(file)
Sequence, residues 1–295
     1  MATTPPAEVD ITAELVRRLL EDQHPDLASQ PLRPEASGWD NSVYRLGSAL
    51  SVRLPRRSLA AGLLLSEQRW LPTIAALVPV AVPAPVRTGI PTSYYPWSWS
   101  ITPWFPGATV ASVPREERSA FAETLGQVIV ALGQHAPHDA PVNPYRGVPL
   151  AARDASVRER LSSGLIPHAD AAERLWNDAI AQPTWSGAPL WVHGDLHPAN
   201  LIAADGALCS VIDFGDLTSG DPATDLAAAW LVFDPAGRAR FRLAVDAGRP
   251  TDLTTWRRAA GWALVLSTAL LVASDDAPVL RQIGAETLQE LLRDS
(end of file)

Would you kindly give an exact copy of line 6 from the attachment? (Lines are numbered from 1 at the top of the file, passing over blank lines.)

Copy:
   201  LIAADGALCS VIDFGDLTSG DPATDLAAAW LVFDPAGRAR FRLAVDAGRP